The President has expressed his confidence in and his commitment to a successful restructuring of and long-term viability plan for General Motors and Chrysler. The road ahead is going to be very difficult and painful, although as the President said, there is potential for both companies to emerge from restructuring as stronger, more competitive companies. I share the President’s confidence in GM and Chrysler and will go even further and state that I steadfastly believe that both companies are on the verge of emerging from this dark period as industry leaders once again in sales, fuel economy, safety and customer satisfaction. The message from the President is clear -- there is a lot of work to be done yet; I stand ready to roll up my sleeves and get to work.

The changes at GM are already underway and there will be much more transformation to come. With Rick Wagoner’s departure from the helm of GM, the company will have new leadership and a "fresh start." Rick Wagoner is a decent man and he has dedicated his life to General Motors. He has seen scores of successes at GM, and I am sorry that he will be remembered largely for his stewardship during a difficult period for automakers around the world, and particularly here in the United States. His agreement to step-down demonstrates his commitment to the employees and shareholders of General Motors and his belief in the long-term viability of the company. Over the next 60 days, everyone at GM -- from union workers to retirees, corporate executives and bondholders -- will face many challenges and high hurdles. However, the progress that GM, especially in its contract talks with the UAW, whose members have already made tremendous sacrifices, shows the company is capable of reaching the demanding goals set forth for them by the Obama Administration.

The path forward for Chrysler over the next 30 days and beyond is challenging to say the least. I am, however, optimistic that Chrysler and Fiat can and will reach an agreement that will put the company on-track for viability with a new product line that gives Chrysler the aggressive boost it needs. I urge the Obama administration to carefully review progress made by Chrysler at the end of April and give the company more time to complete its restructuring to if needed. The fate of this major corporation, and the tens of thousands of workers employed by Chrysler and its suppliers, are too important to live or die by an arbitrary deadline for reaching an alliance with Fiat or another prospective partner.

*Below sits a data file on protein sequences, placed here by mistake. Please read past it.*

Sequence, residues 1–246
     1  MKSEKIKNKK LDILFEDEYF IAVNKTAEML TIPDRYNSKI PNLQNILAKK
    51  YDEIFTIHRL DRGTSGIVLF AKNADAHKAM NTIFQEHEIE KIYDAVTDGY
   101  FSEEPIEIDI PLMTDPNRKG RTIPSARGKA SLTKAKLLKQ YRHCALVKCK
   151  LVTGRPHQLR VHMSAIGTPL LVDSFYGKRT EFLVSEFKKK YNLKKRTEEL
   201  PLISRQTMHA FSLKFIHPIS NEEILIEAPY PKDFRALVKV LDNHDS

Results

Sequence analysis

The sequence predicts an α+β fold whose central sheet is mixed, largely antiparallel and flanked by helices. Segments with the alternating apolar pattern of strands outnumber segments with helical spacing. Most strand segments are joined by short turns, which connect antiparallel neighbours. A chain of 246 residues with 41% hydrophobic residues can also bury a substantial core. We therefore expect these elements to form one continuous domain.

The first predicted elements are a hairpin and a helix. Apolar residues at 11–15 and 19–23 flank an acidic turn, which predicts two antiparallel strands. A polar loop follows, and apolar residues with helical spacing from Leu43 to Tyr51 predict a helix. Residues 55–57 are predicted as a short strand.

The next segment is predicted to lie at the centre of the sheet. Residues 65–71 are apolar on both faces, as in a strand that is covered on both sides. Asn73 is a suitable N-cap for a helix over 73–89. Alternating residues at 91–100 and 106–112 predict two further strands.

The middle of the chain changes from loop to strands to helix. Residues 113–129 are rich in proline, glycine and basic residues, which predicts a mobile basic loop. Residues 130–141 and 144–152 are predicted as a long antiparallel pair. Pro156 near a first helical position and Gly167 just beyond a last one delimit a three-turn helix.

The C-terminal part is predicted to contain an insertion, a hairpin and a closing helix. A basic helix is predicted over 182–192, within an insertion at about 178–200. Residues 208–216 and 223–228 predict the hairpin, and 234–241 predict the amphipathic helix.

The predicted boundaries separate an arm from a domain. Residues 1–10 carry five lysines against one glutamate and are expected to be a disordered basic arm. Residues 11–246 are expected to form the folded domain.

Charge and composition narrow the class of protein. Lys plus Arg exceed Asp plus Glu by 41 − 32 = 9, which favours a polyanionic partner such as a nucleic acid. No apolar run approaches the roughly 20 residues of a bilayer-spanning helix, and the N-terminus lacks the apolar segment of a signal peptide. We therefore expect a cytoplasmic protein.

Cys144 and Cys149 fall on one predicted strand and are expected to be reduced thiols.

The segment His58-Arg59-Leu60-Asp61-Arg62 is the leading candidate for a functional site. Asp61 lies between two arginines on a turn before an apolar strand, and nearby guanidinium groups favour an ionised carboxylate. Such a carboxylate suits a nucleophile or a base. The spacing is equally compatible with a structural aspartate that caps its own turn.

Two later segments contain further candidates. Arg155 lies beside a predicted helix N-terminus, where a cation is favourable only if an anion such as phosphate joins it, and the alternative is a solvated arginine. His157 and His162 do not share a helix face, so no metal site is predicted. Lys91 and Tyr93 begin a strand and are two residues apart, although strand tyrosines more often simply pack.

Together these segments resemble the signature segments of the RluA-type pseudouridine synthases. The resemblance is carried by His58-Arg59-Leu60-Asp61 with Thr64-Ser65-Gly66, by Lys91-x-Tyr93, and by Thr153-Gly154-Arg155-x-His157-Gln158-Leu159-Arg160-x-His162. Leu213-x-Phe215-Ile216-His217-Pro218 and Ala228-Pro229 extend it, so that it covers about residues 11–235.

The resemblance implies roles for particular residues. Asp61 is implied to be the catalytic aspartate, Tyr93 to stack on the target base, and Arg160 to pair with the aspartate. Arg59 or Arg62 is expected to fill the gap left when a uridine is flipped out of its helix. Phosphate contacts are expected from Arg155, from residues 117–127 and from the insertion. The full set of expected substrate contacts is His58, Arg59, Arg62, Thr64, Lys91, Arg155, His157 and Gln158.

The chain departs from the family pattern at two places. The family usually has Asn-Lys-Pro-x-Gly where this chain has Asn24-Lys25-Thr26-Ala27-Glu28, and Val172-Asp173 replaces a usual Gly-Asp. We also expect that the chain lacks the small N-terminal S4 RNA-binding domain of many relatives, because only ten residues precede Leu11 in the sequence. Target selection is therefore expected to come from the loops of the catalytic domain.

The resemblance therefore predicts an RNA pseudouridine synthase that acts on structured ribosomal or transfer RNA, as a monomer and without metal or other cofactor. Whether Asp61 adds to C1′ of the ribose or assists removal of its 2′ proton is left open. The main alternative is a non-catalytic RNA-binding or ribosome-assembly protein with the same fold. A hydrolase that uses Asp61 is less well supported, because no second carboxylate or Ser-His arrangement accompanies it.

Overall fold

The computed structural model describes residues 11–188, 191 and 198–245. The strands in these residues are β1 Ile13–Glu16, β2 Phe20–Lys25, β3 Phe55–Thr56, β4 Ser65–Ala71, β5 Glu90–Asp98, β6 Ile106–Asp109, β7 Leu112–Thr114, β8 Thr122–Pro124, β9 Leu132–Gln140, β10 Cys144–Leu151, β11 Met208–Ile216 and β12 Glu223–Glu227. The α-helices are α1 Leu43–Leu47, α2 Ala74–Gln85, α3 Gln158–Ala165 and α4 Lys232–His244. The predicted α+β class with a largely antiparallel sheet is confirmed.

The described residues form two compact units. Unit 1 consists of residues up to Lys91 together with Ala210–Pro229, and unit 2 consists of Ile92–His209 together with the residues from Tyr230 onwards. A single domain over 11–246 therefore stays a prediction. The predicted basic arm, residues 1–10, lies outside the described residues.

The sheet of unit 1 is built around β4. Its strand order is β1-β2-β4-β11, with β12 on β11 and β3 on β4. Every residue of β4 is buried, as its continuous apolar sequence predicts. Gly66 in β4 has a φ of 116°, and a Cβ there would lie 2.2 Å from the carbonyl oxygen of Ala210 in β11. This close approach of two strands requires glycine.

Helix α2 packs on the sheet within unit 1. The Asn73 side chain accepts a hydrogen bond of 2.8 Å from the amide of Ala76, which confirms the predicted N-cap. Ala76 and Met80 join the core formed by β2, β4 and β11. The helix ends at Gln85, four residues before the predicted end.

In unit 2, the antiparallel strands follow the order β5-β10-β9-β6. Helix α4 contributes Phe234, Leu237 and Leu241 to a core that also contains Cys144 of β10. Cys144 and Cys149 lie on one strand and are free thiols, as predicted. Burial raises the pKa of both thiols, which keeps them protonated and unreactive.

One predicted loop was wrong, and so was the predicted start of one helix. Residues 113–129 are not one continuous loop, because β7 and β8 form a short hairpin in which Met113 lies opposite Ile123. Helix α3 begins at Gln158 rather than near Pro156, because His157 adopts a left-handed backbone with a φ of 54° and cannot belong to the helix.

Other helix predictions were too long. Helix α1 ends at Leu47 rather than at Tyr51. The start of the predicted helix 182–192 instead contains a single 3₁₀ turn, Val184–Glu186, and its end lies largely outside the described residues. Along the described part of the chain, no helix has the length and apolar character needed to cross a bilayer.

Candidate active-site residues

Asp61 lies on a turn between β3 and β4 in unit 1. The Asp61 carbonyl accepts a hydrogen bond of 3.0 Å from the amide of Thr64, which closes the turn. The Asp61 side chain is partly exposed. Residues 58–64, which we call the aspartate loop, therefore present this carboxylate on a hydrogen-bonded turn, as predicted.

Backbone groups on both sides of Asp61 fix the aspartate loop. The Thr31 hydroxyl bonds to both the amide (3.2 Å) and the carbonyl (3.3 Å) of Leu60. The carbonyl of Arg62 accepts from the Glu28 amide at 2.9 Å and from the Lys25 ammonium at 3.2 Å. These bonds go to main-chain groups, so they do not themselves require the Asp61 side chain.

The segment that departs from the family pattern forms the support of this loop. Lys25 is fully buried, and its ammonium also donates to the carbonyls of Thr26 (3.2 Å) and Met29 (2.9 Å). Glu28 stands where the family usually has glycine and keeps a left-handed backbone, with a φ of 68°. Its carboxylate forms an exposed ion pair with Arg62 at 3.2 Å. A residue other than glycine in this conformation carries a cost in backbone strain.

I applaud the President’s decision to appointed Ed Montgomery, former Deputy Secretary of the Labor Department and current Dean at the University of Maryland, to become Director of Recovery for Auto Communities and Workers. Mr. Montgomery will work closely with the President to ensure that the government is doing everything we can to help communities like ours retool and revitalize our economies. Additionally, I join the President in his call for a program to get less environmentally friendly cars off the road by giving consumers a tax credit for purchasing newer, more fuel-efficient, domestically produced automobiles. There are wonderful cars presently in and coming to showrooms across America, and we should support incentives to make it easier for consumers to buy these cars of the future by passing the proposed CARS Act, which would provide tax credits to Americans for trading in older vehicles for newer ones with better gas mileage, and promoting measures to unfreeze credit to consumers.

I want to thank President Obama and his Auto Task Force for laying out a clear path for us to follow. There is a lot or work to be done, but I believe important steps have already been made. My sleeves are rolled up, Detroit and Auburn Hills are working around the clock and together we can and will emerge stronger.